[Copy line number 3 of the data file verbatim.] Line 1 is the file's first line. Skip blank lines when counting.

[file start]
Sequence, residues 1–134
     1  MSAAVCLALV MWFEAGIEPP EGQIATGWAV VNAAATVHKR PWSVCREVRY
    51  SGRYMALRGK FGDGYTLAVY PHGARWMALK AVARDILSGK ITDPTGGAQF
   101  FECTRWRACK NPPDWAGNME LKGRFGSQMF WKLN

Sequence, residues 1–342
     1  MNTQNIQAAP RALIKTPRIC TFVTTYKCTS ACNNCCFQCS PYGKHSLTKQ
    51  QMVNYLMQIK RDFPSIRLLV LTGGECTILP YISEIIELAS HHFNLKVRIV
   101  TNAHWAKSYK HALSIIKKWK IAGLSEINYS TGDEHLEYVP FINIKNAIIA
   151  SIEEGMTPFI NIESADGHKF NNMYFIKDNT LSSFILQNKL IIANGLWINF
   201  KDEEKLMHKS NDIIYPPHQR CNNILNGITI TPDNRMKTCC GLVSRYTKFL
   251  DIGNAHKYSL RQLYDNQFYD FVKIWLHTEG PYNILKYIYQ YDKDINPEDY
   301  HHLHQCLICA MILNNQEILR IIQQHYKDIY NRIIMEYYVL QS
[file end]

    51  SGRYMALRGK FGDGYTLAVY PHGARWMALK AVARDILSGK ITDPTGGAQF